In the latest sign of an industywide crackdown on safety, another cruiser has been kicked off a ship for not attending a safety drill.
Industry watcher Cruise Week today reports that an 84-year-old woman and her 90-year-old husband were escorted off the Seabourn Sojourn this week after the woman refused to attend the mandatory safety briefing that is held at the start of every voyage.
The subscription-only newsletter says the couple were on the second leg of a three-leg trip on the 450-passenger luxury vessel, suggesting that they already had attended a safety drill on the earlier leg of the trip. The husband attended the drill, but his wife said she didn't feel well and had done it before, Cruise Week says.
The unusual incident comes in the wake of new, tighter safety policies on ships following the Costa Concordia accident in January that already has resulted in at least one other cruiser being removed from a vessel. In late January, Holland America removed a passenger from the 1,916-passenger Westerdam for "non-compliance" with a safety drill.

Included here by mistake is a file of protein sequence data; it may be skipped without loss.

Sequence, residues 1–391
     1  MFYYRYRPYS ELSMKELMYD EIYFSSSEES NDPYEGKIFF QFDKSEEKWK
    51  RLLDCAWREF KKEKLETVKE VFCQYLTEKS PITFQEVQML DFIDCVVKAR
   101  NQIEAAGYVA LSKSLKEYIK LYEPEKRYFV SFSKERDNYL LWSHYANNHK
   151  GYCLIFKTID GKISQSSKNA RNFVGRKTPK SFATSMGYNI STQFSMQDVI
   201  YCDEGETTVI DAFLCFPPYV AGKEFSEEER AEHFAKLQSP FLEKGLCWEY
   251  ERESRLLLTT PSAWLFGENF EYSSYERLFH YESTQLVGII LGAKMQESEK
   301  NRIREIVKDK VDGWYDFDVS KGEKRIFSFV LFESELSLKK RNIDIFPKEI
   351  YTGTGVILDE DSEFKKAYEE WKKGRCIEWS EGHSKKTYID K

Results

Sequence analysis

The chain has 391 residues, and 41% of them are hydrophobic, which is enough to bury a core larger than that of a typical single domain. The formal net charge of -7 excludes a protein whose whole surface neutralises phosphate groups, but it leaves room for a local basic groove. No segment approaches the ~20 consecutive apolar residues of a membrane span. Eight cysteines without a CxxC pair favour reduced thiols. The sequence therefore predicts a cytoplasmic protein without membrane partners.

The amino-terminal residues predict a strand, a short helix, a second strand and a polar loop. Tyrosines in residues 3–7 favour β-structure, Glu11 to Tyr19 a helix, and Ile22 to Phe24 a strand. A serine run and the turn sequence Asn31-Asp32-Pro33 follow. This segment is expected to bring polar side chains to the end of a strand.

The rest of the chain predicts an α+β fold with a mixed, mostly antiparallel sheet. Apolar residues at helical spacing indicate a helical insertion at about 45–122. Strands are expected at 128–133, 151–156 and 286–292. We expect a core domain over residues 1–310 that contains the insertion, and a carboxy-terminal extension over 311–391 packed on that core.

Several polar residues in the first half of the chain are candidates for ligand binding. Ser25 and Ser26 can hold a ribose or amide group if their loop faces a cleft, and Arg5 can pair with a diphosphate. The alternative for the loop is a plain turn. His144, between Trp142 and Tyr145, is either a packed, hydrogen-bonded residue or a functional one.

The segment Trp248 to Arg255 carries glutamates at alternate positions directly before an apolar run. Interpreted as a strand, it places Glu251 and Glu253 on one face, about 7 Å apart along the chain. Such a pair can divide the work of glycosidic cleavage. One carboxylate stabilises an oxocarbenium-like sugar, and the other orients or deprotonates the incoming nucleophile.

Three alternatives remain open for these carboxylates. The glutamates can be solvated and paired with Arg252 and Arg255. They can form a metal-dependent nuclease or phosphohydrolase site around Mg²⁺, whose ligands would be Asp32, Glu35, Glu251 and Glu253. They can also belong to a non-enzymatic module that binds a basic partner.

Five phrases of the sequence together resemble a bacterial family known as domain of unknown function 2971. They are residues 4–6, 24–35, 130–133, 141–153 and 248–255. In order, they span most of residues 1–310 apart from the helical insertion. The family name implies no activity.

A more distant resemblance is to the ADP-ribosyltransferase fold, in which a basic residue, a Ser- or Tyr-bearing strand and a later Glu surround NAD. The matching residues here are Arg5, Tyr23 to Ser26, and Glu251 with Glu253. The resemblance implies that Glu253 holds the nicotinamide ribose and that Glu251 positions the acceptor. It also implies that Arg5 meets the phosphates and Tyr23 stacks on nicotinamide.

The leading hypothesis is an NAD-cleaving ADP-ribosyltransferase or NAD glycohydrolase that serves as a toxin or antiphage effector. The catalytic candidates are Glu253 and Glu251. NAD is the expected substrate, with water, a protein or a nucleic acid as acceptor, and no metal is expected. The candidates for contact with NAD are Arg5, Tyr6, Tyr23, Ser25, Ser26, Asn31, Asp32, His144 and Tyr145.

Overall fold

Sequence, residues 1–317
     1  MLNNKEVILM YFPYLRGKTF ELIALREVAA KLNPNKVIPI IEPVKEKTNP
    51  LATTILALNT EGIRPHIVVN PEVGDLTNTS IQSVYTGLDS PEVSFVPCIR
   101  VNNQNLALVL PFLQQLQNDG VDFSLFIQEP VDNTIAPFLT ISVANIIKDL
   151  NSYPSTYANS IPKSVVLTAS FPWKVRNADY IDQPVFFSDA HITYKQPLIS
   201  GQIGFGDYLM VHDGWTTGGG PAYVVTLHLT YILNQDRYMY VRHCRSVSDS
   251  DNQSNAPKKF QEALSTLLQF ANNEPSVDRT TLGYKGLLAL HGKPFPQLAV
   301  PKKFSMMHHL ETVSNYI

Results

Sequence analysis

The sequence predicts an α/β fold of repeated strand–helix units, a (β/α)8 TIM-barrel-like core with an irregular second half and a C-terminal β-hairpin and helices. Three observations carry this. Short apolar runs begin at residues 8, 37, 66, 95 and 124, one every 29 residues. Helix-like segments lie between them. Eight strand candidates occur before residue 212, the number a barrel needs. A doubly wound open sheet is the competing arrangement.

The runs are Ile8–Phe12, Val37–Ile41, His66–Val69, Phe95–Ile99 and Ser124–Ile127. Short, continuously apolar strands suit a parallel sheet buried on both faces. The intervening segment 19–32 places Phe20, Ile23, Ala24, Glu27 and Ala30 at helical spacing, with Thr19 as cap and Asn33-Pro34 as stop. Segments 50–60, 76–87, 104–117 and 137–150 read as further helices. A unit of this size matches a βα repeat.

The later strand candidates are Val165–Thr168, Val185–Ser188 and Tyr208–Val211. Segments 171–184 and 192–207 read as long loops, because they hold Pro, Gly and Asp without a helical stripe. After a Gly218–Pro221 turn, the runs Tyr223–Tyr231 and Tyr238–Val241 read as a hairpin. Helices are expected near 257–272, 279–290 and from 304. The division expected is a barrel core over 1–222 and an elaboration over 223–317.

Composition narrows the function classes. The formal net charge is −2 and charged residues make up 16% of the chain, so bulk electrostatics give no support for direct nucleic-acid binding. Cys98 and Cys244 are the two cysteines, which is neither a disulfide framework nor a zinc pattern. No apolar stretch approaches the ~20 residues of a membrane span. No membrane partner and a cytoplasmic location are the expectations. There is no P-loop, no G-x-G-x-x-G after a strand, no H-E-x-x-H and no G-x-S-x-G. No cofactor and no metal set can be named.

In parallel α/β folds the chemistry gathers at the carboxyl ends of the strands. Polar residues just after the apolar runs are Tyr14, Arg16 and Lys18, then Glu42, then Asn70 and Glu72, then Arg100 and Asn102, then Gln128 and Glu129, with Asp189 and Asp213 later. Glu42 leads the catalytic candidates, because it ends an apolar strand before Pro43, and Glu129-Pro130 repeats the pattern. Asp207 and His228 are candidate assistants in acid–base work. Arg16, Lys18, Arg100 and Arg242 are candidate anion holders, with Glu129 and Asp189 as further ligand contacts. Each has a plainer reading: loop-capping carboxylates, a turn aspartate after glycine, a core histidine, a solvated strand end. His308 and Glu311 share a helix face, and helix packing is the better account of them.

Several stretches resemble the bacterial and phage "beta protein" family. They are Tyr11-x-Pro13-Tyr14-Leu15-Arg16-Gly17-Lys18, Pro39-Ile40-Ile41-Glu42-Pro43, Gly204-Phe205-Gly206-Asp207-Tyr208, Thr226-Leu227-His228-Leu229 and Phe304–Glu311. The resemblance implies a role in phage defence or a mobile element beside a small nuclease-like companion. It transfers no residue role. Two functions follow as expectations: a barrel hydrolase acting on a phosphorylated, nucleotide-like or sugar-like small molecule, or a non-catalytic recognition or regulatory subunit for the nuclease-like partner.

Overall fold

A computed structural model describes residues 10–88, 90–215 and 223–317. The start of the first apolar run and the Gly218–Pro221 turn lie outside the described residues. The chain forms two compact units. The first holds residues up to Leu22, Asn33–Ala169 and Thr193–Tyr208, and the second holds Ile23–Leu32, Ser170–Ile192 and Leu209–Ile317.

Cruise line policies on passenger safety drills came under intense scrutiny after the Jan. 13 Costa Concordia accident, which resulted in 32 deaths. At the time of the accident, there were nearly 700 passengers on the ship who had not received a safety briefing. The passengers, who had joined the vessel in Civitavecchia, Italy just hours before it struck rocks and partly sank, had been scheduled to receive a safety briefing the next day.
Under rules established by the International Maritime Organization, a United Nations agency, passenger ships must hold passenger safety drills within 24 hours of embarkation. After the accident, major cruise lines around the world announced they always will hold safety drills immediately after embarkation before ships set sail.
By Gene Sloan, USA Today